Homily of the Chrism Mass
St. Andrew's Cathedral

April 6, 2017

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“These oils symbolize how close we are called to be. No one can receive an anointing without being really close. It’s not virtual. It’s close. It is as close
as Christ has come to us ...”

~ Bishop Gary Gordon

One of the wonderful gifts and graces that we celebrate together in our faith is this annual Mass, the blessing of the oils, the Chrism oils. These are the oils that are used in the Sacrament of Baptism, Confirmation, Holy Orders, Healing of the Sick. They are used a lot. They are used sacramentally, but they indicate something very important for us: the closeness of Jesus, the closeness of pastoral ministry.

None of these oils can be used online! Or virtually! They all involve very close proximity. And, one of the beautiful things, for me, with you, and with our brother priests, is that I’m starting to get to know you. It really is wonderful to know your names, and not just your name and who you are, but to also to get to know your relations, your families. And to become close to you as Bishop. It’s getting better and better for me. I hope it’s getting better for you.

It’s also to know our struggles, our challenges, our difficulties together as God’s people. Myra’s here. Every time I see Myra, my heart is just filled with tenderness and love because her son went missing over a year ago, and no one knows why or where he is: there have been no answers. Fr. William missed our dinner before Mass. He wasn’t able to join us because one of his parishioners took her own life. So there’s a great sorrow and sadness with our brothers and sisters at Holy Cross. This is part of our life as a Christian people. This is what we share, and we share it together in the closeness of what these oils indicate: this closeness of Jesus.

Kade is here, and our heart is with her. Her husband died last year, leaving her with a young family. Cancer. There are so many aspects of our lives, but we carry on because of our deep faith in the closeness of Jesus Christ with us.

About eight days ago I was in Rome, sitting in a circle with the Western Bishops of Canada, and with our Holy Father, Pope Francis. I want to share with you what he shared with us in a two-and-a-half-hour conversation. I think it’s important for us, and it is important for our priests, who serve God’s people, and who will be renewed in their commitment to be close to you.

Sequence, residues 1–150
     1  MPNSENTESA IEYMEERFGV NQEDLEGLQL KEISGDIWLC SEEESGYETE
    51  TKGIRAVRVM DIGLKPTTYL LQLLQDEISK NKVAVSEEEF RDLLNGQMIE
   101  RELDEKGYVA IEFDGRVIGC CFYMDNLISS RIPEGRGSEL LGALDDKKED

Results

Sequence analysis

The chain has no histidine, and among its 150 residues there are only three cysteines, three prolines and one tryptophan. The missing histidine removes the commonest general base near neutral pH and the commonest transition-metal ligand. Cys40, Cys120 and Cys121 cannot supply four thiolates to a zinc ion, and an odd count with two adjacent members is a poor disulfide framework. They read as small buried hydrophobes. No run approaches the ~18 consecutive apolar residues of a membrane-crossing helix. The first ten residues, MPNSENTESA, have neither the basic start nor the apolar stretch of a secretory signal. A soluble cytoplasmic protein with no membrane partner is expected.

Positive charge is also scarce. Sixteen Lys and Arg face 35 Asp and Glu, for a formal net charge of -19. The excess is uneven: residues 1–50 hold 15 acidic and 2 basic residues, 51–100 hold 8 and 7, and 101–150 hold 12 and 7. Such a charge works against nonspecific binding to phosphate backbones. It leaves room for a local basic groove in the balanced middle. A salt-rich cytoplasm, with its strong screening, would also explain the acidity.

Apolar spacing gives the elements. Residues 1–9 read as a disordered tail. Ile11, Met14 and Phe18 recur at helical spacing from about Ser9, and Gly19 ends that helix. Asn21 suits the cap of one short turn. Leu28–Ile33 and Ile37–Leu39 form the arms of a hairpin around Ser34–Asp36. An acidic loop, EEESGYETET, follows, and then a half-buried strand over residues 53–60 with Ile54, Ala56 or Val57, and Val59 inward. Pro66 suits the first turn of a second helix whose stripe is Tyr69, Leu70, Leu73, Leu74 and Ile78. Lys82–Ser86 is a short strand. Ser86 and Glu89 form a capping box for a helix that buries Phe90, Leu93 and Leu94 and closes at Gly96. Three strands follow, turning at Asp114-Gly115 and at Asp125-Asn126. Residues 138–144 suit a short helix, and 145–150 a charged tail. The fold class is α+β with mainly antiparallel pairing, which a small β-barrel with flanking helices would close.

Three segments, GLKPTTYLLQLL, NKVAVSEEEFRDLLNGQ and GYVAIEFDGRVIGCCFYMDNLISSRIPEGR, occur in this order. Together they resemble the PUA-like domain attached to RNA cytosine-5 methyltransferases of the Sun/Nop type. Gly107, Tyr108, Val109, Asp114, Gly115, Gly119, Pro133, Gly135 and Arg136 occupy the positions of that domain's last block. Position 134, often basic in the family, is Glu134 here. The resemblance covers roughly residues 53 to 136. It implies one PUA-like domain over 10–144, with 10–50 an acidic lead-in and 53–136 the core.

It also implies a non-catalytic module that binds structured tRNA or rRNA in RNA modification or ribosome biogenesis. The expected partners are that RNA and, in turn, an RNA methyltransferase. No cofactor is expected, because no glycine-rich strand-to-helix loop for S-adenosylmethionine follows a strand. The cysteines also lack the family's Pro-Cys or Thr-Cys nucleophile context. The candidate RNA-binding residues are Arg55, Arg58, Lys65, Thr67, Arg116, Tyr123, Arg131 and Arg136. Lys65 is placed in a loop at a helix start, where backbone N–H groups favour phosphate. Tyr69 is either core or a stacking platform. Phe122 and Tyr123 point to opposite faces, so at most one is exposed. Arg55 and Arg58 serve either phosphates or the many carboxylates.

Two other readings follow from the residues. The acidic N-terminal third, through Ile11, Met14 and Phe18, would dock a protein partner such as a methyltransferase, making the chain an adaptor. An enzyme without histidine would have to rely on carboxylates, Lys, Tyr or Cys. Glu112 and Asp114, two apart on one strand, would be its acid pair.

The first thing we talked about—and it was a discussion and a dialogue—we talked about something that is so very close to his heart: refugees and migrants. He spoke at length, talking about the fears that exist in the world. He talked about how people are so afraid of others. He knows that people are afraid. They don’t understand, and so there’s great potential for discord. Pope Francis said to us, “Don’t be afraid. We are invited to a profound moment of welcome, and this welcome will create a great opportunity of integration.”

Then he shared a story from when he was a pastor, and he celebrated a mixed marriage. He said, “This is what integration looks like.” And don’t we experience that, in our Canadian context, culturally and religiously? The Pope gets pretty revved up, let me tell you! He gets more revved up than I do. He gets pretty excited about some of the things he’s passionate about, and refugees and migrants, he is passionate about. He is inviting us, inviting us as Bishops, as people of God, as pastors: Do not be afraid.